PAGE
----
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TEXT-S&P affirms ArcelorMittal 'BBB-/A-3' ratings; outlook negative
ArcelorMittal's financial performance was below our expectations in the past six months as the group only generated $3.4 billion in adjusted EBITDA and was not able to reduce its debt owing to an increase in pension obligations and lower working capital inflow than we previously assumed, and despite selling stakes in McArthur Coal and Turkish steelmaker Erdemir. We now treat the $1 billion mandatory convertible bond issued by ArcelorMittal through a subsidiary as having low equity content, following the extension of the original conversion date from 2012 until 2013, and include it in our adjusted debt calculation. As of March 30, 2012, adjusted debt was $41.1 billion and net reported debt $24 billion.
Under our base-case scenario we factor in EBITDA of $8 billion-$8.5 billion in 2012 and $9 billion in 2013 amid the sluggish macroeconomic environment in Europe (see Economic Research: No Fast Lane Out Of Europe's Recession, published on April 4, 2012, on RatingsDirect on the Global Credit Portal), to which the company is significantly exposed--Europe accounted for 49% of steel shipments and 20% of EBITDA in 2011. We also factor in somewhat stonger, but uncertain, growth in steel demand globally and our iron ore price assumption of $120 per tonne for the rest of 2012 and 2013. Our scenario reflects our view that profitability in the global steel industry, and especially in Europe, to which ArcelorMittal is very exposed, will remain weak compared with 2007-2008 because of overcapacity. Our forecast for 2012 and 2013 is, however, substantially above annualized EBITDA for the last six months of $6.7 billion, because we believe the last six months represented the bottom of the cycle with substantial destocking along the supply chain in the fourth quarter of 2011. We expect that volumes, capacity utilization, and profits will improve from the second quarter of 2012 and be underpinned by stronger economic growth in Europe at the end of the year. We also anticipate that the asset optimization program the group is currently implementing will have a moderately positive effect on profits in 2013.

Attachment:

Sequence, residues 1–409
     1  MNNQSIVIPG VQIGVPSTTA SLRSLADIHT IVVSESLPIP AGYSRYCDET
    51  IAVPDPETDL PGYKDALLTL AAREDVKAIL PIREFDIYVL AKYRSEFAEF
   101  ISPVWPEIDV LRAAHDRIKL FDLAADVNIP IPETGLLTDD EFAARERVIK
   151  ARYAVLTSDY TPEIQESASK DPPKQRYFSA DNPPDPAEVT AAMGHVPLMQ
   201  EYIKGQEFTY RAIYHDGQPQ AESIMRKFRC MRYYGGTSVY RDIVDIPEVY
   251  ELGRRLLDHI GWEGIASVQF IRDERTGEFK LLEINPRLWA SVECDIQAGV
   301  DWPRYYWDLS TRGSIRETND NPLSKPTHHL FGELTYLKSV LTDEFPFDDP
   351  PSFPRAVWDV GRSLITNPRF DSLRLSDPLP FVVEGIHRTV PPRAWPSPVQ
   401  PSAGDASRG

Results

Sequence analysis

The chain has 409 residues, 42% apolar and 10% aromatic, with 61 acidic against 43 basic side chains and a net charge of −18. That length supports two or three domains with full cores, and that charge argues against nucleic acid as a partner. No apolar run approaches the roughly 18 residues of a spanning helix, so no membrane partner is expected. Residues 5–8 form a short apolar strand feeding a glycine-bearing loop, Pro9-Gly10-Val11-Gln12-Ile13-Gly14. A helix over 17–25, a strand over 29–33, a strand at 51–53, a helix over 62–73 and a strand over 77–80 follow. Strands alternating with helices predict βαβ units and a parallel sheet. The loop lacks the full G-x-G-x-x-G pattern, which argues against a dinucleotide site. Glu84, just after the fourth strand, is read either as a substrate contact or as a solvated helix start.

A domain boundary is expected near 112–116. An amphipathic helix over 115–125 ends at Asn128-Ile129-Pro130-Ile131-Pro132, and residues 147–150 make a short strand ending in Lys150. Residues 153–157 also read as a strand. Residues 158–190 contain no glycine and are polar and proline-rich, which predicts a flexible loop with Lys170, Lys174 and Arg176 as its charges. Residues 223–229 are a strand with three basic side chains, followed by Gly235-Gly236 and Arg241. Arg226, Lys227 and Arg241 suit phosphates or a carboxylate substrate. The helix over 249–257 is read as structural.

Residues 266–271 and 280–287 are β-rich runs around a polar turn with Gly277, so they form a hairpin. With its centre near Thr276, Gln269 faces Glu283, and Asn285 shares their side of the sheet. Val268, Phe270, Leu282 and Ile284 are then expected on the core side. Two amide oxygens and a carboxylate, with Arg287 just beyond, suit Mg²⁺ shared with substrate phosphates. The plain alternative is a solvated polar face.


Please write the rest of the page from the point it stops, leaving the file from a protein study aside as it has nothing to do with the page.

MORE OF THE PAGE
Under our base-case scenario, we estimate FFO of about $6 billion-$6.5 billion in 2012 and about $7 billion in 2013. We anticipate that the group's FOCF after capital expenditure (capex) of $4 billion-$4.5 billion and dividends of $1.2 billion will be only moderately positive or neutral in 2012-2013. Under our scenario, and factoring in adjusted debt reduction to about $30 billion by the end of 2012, we expect FFO to debt to be above 20% by the end of 2012 and above 25% in 2013.
We continue to view the group's business risk profile as "satisfactory," as our criteria define the term, reflecting its leading global market positions with about 20% of EBITDA coming from Europe, 17% from North America, and 33% from emerging markets. ArcelorMittal also has greater product diversity than other steel companies, as 30% of its profits come from profitable and growing mining operations. Offsetting factors include the cyclicality of the steel industry, and the weak performance of the group's European operations in the sluggish economic environment.